Cannabis hasn’t been an issue in American politics for decades now, but the standard protocol is for all candidates to admit that they made a mistake in college. The standard routine was to also admit that they would not legalize marijuana, however now there is a much more open view on the subject from the 2016 candidates.

Elected Republicans are generally against marijuana, but if you take a closer look you will realize that there are some exceptions. Mike Huckabee and Jeb Bush believe that marijuana shouldn’t be used for recreational or medical use, but others aren’t as strict on the matter. Marco Rubio is accepting of medical strains as long as they don’t have a psychoactive effect. Scott Walker doesn’t want to legalize marijuana in Wisconsin, his own state, but he would be happy to let it continue in others. Rick Perry on the other hand, weirdly believes that marijuana is okay for medical use in the state of California, but not in Texas.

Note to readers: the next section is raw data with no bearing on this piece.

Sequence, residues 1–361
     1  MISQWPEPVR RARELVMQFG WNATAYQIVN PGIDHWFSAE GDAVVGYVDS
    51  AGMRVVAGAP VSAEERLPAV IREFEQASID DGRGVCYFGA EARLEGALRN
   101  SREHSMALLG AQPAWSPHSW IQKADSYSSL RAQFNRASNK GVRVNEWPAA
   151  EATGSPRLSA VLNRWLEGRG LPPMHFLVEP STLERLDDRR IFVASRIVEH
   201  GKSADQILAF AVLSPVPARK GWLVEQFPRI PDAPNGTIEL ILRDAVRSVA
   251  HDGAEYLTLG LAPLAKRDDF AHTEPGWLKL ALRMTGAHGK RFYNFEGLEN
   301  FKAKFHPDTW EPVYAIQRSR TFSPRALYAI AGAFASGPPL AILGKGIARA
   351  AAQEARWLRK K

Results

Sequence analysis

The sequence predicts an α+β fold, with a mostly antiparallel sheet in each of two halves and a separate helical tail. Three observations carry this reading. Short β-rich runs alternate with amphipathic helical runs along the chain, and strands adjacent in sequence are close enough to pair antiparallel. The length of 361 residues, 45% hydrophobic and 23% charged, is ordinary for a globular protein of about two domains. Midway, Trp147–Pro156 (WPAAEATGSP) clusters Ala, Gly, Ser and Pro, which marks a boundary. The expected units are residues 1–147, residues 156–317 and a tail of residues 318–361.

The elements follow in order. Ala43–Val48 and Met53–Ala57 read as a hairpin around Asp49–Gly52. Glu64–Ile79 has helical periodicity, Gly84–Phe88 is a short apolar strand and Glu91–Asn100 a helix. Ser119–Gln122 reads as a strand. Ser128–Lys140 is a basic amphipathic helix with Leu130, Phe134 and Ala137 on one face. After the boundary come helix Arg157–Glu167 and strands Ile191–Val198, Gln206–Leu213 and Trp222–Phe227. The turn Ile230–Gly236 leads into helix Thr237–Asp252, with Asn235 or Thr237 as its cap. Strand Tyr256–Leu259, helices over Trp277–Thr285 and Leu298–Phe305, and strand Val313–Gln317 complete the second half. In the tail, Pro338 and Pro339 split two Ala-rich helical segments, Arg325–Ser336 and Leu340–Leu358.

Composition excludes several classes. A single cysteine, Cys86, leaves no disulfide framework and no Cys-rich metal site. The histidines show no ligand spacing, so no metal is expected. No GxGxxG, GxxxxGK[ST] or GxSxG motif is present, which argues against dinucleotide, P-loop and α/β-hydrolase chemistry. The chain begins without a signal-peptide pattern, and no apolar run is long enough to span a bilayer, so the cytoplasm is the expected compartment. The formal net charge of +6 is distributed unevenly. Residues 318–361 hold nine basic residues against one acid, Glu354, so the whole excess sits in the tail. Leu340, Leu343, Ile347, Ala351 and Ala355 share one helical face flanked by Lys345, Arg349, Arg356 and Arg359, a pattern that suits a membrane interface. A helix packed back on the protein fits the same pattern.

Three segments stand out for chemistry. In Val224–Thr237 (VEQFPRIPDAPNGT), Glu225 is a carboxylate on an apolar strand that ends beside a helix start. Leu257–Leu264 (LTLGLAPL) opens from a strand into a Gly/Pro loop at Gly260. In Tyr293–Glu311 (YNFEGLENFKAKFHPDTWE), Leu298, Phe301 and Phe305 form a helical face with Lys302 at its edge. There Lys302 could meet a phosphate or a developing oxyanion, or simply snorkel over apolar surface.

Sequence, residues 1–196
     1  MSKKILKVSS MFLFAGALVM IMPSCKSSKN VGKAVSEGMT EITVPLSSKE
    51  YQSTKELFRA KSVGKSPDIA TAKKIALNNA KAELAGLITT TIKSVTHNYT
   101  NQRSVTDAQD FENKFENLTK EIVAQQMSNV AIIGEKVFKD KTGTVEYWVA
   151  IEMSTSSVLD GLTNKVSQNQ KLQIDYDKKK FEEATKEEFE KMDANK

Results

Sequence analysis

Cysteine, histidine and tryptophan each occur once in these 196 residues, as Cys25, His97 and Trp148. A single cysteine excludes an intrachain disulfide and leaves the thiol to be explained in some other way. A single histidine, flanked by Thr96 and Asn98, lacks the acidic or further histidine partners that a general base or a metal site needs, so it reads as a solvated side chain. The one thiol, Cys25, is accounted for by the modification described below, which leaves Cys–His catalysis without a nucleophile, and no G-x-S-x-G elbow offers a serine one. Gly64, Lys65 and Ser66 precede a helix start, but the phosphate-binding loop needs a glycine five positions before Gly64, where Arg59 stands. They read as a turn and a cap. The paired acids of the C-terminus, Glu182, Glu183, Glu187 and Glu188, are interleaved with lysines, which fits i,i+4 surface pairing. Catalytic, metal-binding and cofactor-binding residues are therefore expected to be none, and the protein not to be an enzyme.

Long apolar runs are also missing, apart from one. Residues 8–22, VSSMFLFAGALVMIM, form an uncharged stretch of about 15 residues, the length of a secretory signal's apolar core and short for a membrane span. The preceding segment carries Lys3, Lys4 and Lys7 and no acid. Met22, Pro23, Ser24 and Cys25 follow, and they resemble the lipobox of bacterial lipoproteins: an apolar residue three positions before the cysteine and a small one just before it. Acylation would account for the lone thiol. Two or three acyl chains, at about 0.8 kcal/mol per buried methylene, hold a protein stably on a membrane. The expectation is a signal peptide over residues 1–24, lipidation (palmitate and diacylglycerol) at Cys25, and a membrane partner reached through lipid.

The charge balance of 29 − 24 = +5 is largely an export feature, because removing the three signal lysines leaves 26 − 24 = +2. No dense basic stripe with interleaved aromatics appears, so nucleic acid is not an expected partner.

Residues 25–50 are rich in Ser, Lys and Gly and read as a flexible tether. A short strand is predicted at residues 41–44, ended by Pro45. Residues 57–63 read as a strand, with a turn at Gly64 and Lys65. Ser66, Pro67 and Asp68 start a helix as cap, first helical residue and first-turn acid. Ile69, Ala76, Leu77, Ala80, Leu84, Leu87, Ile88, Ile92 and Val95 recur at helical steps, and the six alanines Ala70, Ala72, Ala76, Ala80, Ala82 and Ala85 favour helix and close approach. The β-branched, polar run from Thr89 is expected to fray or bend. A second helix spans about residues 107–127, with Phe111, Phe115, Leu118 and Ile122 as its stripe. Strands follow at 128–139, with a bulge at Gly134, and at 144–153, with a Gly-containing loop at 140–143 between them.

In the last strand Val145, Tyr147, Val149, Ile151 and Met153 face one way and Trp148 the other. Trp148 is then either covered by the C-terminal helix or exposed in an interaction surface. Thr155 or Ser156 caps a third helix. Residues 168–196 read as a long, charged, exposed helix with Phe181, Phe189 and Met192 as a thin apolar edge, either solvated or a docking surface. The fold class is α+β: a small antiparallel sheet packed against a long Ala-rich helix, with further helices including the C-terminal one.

Jeb Bush has admitted that he has made some mistakes in his younger years but it is now difficult for presidential candidates not to find themselves in an awkward position because many people are for marijuana, but a lot of people are also against it.

It is very unlikely that any red candidates, other than Rand Paul would make cannabis a major talking point. If cannabis forces itself into the discussion, we could see a very different outcome. This could happen for a few reasons. Obama could remove cannabis from Schedule I, and that would create a huge talking point for America as well. H. Clinton could also create a wave by saying that Washington and Colorado are a success. That could be risky, but with the majority of the country now in favor of legalization, and 63% of young Republicans in favor too, the conversation will be changing in this and future elections.